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Moreton Bay Hosts Australian Jet Ski Titles

Moreton Bay Hosts Australian Jet Ski Titles

Redcliffe is located just north of Brisbane Queensland. It is a sleepy little town with a beautiful backdrop of Moreton Bay. It is also a marine park with a plethora of turtles, dolphins and dugongs. So organizing the Australian Jet Ski Titles 2017 race entailed some serious negotiations with the powers-that-be, but proved to be successful. The 2017 AJSP Australian Watercross Championships were held on 29-30 April as part of the Redcliffe Lifestyle on Water Festival.


Racing started early on the Saturday morning with everyone getting a few sighting laps before the race. The conditions were improving from Friday’s practice so the day was looking good.


With the introduction of the new SXR and Yamaha’s Ex,

the organisers, Australian Jet Sports Boating Association (AJSBA), decided that the SXR would run in GP as they could not make up the numbers to separate the classes. Moreover, the Rob White’s Yamaha Ex were put in with the Seadoo Sparks in Pro Am Lites Runabout, due to it being a heavier than the Spark.


This worked out well for both classes, with neither of the new boats dominating the race. Justin Winsor, the owner of Liquid Industries on the Gold Coast, had blistering speed on his Seadoo Trak 903. It was doing 75mph right up until it let go and the team had to throw a new motor in overnight. Winsor went on to take the overall win in GP Ski, and the Australian Title.


Pro Am Lites Ski was also closely contested, with Tom Akien, Michael Stevens and youngster Byron Lewis (from Western Australia). Akien was looking like he was going to take the title just ahead of Stevens. The boys were on the pace all weekend in perfect condition one day, and surf like conditions the next. At presentation, to the surprise of all – especially Stevens – Akien was penalized for missed buoys. This meant Stevens received the title, and bumping Lewis up into second place.


Vintage ski race is always great to watch. The beautifully turned out skis always impress. Tim Ryan and the boys always put on a great show. With two motors combined into one, it makes a fantastic show. Every heat, the boys have two starts. I am sure, though, that the guys do not take the race too seriously. (I noticed Ryan waiting for Jarrod Martin to catch up a bit so they could rub shoulders in the turns.) There was also a great Vintage display on show for all to see, with plenty of replicas and original skis.


It was good to see international rider Mohammed Burbayea at the titles. His Seadoo was a weapon on the track, dominating the first few laps on GP Runabout. Unfortunately, that did not last long with Burbayea dropping out of the first race with mechanical issues. Paul Leven and James Masterton took up the challenge. Actually, the entire field of GP had some great racing. At one stage or the other, I think, they were all in a podium position. Leven won the race. He is a great supporter of the sport and always makes a huge effort at every event. He rode consistently all weekend, and well deserving of the title Australian Champion. If you have never seen A GP class, make the effort to so. It is the F1 of our sport.


In the Enduro Open race, a one Moto a day consisting of a 35min + one lap race, Christian D’Agostin went on to take the title, the fifth Australian title for him and a great ride.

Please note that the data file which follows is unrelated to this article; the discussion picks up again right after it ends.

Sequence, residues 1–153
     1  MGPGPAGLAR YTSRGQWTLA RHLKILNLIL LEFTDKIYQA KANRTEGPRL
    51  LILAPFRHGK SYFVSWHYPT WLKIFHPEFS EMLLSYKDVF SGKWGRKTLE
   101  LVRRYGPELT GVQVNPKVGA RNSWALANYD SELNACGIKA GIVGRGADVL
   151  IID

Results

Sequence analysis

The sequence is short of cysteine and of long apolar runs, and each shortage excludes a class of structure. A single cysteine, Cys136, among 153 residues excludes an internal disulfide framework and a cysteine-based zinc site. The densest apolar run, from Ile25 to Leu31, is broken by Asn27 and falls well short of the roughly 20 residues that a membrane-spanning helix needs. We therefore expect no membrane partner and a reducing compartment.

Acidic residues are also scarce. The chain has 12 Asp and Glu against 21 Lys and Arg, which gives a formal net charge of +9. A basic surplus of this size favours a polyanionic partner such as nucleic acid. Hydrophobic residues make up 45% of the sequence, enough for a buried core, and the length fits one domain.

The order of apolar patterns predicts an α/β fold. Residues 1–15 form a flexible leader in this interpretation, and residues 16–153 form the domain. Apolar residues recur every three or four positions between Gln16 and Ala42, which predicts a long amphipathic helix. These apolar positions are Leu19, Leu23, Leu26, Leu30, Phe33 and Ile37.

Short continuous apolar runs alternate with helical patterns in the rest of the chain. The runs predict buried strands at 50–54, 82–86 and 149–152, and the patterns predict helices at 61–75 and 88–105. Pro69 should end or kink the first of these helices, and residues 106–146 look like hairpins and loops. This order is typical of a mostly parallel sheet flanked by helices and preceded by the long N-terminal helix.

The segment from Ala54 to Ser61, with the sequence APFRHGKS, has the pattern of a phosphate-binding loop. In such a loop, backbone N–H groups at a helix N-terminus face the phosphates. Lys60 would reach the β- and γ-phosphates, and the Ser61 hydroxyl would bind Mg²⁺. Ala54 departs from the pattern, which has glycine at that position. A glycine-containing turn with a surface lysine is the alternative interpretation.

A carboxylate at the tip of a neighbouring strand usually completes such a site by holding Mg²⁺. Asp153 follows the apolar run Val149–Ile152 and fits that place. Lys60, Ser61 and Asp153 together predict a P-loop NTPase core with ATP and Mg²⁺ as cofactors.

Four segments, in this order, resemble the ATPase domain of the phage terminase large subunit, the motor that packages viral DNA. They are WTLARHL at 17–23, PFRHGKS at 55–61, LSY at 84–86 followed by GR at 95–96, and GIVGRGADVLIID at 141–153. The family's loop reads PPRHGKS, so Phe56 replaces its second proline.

Brett Douglas took out Race One convincingly only to have electrical gremlins turn up in Race Two. This gave the opportunity for Guy Greenland and D’Agostin to give it a go. Race One offered glassy water conditions with the racers holding it wide open the whole half hour. But Race Two welcomed a two-foot swell, with a solid wind chop making things a bit more exiting. Mitch Casey and D’Agostin both went over the hangers in the chop. Unfortunately, Casey did not recover after corking his legs on the ski. He was rescued by the safety crew and brought ashore. He later made a full recovery with only minor injuries. D’Agostin, on the other hand, managed to remount his ski and continue on to take third in that moto.


Enduro Open was a mixed class race due to limited numbers, so another winner in Enduro Am Showroom Stock was Paul Bazely. His Kawasaki was at home in the rough conditions and deserved the win.


Mitch Wayt on his 2 Yamaha Gp1800 was consistently fast. The 2016 Australian champion showed us again why he was the champ. Taking the podium in three different classes, he is an outstanding rider and always keen to give it a go. Wayt took out Enduro Pro Am Stock, and placed second in Stock Spec Runabout. Pro Am Stock was a close contest with Wayt only just edging out Casey by one point. Casey is only a newcomer to the sport and with Wayt taking him under his wing. I expect to see a lot of good racing from these two in the future.


Australian Jet Ski Parts were on hand to give away some cool gear and prizes. Loco energy drinks kept everyone hydrated. Swiftco Trailer also donated an awesome trailer for the event. Justin Belczowski won the trailer with a bit of light-hearted backlash from the crowd.


The organisers put on an impressive event. It has been a long five years since the last Australian Titles held at the Spit on the Gold Coast. This year’s event has been the first national title race since the racing incident on the Gold Coast, where racer Joey Scaturchio died. At this year’s event in Redcliffe, Joey’s father, Tony, turned up and supported the event with the handing-over of the Joey Scaturchio Memorial Trophy to Mitch Wayt.


Looking forward to not having such a long wait between titles.


By Andrew Donovan



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